The Mexican authorities have recently decided to vote on rules that would put an end to the state oil monopoly, which had lasted for 76 years, could not have come at a better time for some of the leading global energy companies.
Companies such as Royal Dutch Shell Plc. and Exxon Mobil Corp. are on the lookout for new destinations that will become their latest source of energy revolution that has taken a grip on countries such as U.S. and Canada in the recent years. In fact, United States is in the middle of a 26-year-old high in their crude oil production while Canadian production is also setting new records. Thus, the estimated US$1.3 trillion of crude reserves that Mexico holds at yesterday’s prices can encourage deep-pocketed producers, in association with power and pipeline companies to mimic the energy revolution happening among her northern neighbors.
An infusion of foreign investment can revolutionize the crude oil exploration and extraction scenario in Mexico and enable the country to double its daily output to 5 million barrels a day. This will enable Mexico to come up to the fourth spot in the list of world largest producer of crude oil, and help stabilize the market against growing uncertainties in other parts of the world.
Sanctions threatening the expansion of output in Russia, and growing instability in many of Africa’s leading oil producing nations have jeopardized the heavy investments made by many leading oil companies in those countries. Mexico can take a leading part in North American energy boom, which includes the goal set by U.S. to reduce trade deficits by becoming energy self-sufficient.
The U.S., Canada, and Mexico can come close to becoming energy independent if they play it right according to Tony Payan who is the director of the Mexico Center at Rice University’s Baker Institute for Public Policy in Houston, Texas. These countries can even become significant players in the export market for crude oil and natural gas, scenario greatly desirable for the United States.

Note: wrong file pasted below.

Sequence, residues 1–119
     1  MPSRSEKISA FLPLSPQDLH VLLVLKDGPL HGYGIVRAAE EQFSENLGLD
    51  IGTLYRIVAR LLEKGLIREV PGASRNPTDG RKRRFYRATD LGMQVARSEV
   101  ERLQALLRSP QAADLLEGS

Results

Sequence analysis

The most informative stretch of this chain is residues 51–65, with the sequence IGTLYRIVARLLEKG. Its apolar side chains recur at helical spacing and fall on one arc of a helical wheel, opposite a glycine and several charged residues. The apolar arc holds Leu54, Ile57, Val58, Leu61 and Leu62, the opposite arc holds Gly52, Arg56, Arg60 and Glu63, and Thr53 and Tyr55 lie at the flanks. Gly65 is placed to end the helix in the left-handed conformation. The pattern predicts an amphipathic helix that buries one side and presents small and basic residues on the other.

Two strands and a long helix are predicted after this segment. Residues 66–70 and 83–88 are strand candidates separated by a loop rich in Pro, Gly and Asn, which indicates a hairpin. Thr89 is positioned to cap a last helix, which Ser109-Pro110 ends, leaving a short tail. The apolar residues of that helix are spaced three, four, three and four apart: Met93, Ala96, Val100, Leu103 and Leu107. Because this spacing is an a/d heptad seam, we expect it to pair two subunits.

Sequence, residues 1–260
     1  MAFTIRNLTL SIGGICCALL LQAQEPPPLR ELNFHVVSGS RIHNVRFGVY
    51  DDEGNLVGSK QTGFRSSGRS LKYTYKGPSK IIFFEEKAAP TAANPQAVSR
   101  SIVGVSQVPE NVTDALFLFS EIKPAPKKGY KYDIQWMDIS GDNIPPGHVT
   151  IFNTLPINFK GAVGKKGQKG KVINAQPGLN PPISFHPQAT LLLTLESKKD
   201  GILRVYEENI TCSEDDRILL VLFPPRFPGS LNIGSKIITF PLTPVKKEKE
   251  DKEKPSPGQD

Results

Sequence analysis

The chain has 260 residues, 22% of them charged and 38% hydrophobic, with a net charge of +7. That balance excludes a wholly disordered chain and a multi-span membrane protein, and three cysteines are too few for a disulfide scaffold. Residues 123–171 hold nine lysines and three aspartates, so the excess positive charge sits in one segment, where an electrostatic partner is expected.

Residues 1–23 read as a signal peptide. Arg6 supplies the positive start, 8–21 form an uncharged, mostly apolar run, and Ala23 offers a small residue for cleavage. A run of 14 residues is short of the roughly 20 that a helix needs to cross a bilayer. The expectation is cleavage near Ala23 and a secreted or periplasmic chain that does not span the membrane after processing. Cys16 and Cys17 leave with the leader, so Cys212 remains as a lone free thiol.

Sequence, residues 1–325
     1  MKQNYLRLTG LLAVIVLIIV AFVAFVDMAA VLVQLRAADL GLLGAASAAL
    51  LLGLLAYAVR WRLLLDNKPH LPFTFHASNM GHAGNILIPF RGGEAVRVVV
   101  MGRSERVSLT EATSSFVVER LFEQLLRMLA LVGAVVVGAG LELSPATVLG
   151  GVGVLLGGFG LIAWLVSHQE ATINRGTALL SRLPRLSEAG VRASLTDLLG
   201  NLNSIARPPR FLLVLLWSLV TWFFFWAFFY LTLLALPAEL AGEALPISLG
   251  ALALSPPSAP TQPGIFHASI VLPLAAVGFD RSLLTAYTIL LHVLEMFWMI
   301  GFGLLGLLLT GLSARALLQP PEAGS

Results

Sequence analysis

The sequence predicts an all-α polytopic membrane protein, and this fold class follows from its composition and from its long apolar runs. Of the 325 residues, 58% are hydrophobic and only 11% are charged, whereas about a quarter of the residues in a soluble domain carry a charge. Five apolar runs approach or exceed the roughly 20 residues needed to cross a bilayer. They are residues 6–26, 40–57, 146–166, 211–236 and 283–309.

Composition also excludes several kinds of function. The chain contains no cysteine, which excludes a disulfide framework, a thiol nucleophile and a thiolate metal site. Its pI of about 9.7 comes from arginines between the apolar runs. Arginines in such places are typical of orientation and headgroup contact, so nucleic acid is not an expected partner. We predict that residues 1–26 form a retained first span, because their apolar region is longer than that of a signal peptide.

Mexico provides potential windfall for oil companies across a number of fields, which stretch across the border into the U.S. Gulf of Mexico, and the Eagle Ford shale formation in south Texas. Some of the leading names among global oil companies such as Bp Plc, Chevron Corp., Petroleo Brasileiro SA, and Total SA that are likely to bid for tens of millions of dollars into Mexico. They are going to form joint ventures and invest in contracts to help extract more oil from the country having the third largest oil reserves in North America.
Proximity to the United States is among the prime reasons behind the enhanced lure for Mexican oil to many of the leading oil companies. Companies such as BP, Shell, and the Chinese giant China National Petroleum Corp. have already formed agreements with Mexico’s state owned Petroleos Mexicanos, better known as Pemex to collaborate and boost their chances of forming joint ventures. Many of these companies are already operating in the U.S., which has much of geological proximity with the fields in Mexico. Therefore, the expertise and technical information gained there is going to provide a huge advantage for these companies when they begin operating in Mexico.
The head of Deloitte LLP’s energy sector practice in Mexico, Jose Castilla, while speaking by phone from Mexico City, has once again reiterated the potential of Mexico to emerge as the alternative investment destination for oil companies who have investment quite significantly in various African nations such as Nigeria and Angola. Greater stability in North America compared many of the African nations can boost Mexico’s chance of becoming the favored investment options for many oil companies. According to Castilla, the drug violence plaguing the northern Mexican regions pales in comparison to the turmoil that is taking place on a global scale.